UBS Wealth Way

A larger home: dreaming is good, planning is better

Robert and Patricia H. are middle-aged parents of three children. They lead busy professional lives – and are full of dreams. They are envisaging the purchase of a larger home. What does this mean for them and their financial situation?

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Robert (47) and Patricia H. (44) are not far off their perfect dream home: the couple live with their three children (5, 9 and 11) near the city, surrounded by plenty of greenery. The landscape, the infrastructure, their local circle of friends – almost everything fits. “It’s just that the terraced single-family house seems to shrink with each additional year of the children’s lives,” Patricia H. explains.

The couple agrees: sooner rather than later, they need a larger single-family home – for several reasons. As soon as the children enter their teens, they will need more privacy. Robert is an entrepreneur who runs his own carpentry business. On top of that, he has always dreamed of having his own workshop at home where he can devote time to his hobby: creating wooden sculptures. Patricia, a corporate group lawyer, also longs for more space. She would like a spacious furnished office so that she can work from home more regularly.

A complete assessment

Robert and Patricia H. decided to carry out a financial assessment with their UBS client advisor based on these wishes for the future.

Can we afford a larger property and how will this project affect our long-term life goals?

That’s what Robert and Patricia H. want to know. Their client advisor takes these questions as an opportunity to analyze the family’s general financial situation according to the UBS Wealth Way advisory approach. On this basis, he draws up a plan for the family’s new future perspectives, focusing on their individual goals and taking an overall view of their asset situation.

During the conversation, it quickly becomes clear that there is nothing standing in the way of the couple’s new goals from a financial perspective. “You should be able to sell your current home at attractive conditions. You can then use the proceeds and your available liquidity to purchase your dream home and still achieve your long-term goals,” the client advisor tells them.

UBS Wealth Way: thinking finances in three dimensions

UBS Wealth Way ensures that no aspect of planning for the future is forgotten, the UBS client advisor explains. The advisory approach defines the three key strategies of liquidity, longevity and legacy by coordinating the couple’s short- and long-term life goals.

Liquidity for today

Maintain your lifestyle

You always have enough liquidity to maintain your current lifestyle, e.g., for:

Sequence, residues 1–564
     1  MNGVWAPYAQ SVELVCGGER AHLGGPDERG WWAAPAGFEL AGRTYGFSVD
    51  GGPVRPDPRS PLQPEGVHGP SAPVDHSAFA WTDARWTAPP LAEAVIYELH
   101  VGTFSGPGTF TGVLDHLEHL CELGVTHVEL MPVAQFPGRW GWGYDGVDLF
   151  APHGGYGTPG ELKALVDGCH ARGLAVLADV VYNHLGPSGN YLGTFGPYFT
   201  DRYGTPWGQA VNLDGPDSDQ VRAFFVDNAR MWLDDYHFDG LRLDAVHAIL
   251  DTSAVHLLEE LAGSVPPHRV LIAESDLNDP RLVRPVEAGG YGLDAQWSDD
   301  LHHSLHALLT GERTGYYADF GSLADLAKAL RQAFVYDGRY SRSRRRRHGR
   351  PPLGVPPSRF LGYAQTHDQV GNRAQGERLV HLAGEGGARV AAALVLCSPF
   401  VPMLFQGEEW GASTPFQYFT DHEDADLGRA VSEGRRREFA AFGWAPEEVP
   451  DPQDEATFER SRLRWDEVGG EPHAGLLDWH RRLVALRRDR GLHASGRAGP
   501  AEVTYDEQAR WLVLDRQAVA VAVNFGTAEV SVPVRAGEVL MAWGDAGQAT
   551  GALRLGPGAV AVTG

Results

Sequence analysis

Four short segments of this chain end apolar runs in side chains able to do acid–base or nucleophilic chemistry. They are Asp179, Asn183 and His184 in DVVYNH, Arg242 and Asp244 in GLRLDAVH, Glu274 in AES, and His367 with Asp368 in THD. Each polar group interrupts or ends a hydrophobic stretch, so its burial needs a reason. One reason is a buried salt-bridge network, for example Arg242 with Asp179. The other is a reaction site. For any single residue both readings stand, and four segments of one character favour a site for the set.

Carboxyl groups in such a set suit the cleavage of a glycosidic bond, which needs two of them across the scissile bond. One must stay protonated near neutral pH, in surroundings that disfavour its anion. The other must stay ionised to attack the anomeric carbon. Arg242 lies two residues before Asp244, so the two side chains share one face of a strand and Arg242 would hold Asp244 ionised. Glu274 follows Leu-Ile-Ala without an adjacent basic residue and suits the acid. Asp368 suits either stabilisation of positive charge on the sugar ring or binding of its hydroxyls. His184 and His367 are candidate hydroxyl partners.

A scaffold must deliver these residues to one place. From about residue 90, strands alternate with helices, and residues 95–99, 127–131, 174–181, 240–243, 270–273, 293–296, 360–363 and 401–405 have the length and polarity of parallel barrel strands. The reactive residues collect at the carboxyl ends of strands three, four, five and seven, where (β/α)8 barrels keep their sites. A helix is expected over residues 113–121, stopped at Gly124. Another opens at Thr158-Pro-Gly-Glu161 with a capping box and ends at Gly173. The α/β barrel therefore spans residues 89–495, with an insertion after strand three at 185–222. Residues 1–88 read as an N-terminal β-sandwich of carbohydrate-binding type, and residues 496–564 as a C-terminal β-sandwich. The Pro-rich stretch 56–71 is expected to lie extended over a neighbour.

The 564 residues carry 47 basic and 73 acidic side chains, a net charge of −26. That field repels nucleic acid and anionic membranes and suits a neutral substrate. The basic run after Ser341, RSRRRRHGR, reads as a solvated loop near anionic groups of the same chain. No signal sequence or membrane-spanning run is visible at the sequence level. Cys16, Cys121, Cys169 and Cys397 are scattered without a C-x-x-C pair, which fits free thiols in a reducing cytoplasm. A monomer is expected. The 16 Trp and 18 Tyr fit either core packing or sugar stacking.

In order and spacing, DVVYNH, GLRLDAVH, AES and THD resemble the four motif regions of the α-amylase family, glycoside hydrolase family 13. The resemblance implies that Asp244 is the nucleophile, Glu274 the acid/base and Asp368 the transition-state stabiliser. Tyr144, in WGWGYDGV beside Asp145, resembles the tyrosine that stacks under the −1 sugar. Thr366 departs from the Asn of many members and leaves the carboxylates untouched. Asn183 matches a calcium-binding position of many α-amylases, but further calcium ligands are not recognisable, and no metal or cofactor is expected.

• Entertainment and vacations
  • Tax payments
  • Safety margin

Longevity for tomorrow

Achieve personal goals

You use your wealth for the long term to preserve your assets whilst achieving all your life goals, e.g., for:

  • Retirement security
  • Expenses for health and long-term care
  • Purchase of a second home

Legacy for others

Transfer wealth to future generations

You define what is important to you and how you want to help future generations or society, e.g., with:

  • Gifts for your family
  • Philanthropy
  • Wealth transfer to future generations

The client advisor starts with the liquidity strategy, which should cover planned and unexpected expenses over the next few years. He announces some good news: the family’s annual income exceeds their current expenses. In plain language, this means that the couple can put aside a sizable amount of savings each year.

Structured consulting approach: UBS Wealth Way

Our proven consulting approach links your current life situation to your short- and long-term goals. Wealth planning comprises three key strategies: liquidity, longevity and legacy.

Keeping strategies balanced

Robert and Patricia have not yet taken any special measures as far as the longevity strategy is concerned. “This strategy aims to help you maintain your accustomed lifestyle in the long term. Even if pensions take the place of earned income,” the client advisor reminds them. In the light of their new situation, he recommends building up assets in a targeted manner with a suitable investment strategy. In this way, anticipated income gaps in the third stage of life can be compensated for.

It is particularly encouraging that in the case of Robert and Patricia, a legacy strategy can also be developed in which the couple’s long-term investment horizon can be perfectly adjusted to their risk tolerance.

Planning means thinking ahead

What does the analysis along the three dimensions of liquidity, longevity and legacy mean in practical terms? The couple decides to restructure their assets. They will reduce their liquidity reserve – and invest the “surplus” funds.

Comprehensive planning also prepares us for unexpected challenges.

At the same time, UBS Wealth Way is not just a snapshot. Instead, it illustrates long-term development and allows Robert and Patricia H. to look calmly to the future. However, as stressed by the client advisor: “It’s important to check that the plan is still on target at least once a year or whenever any major life changes occur."

Knowing that they have planned their future with foresight, Robert and Patricia can now concentrate on the present. Patricia says to her husband enthusiastically: “Let’s take a look at some single-family homes in our area."

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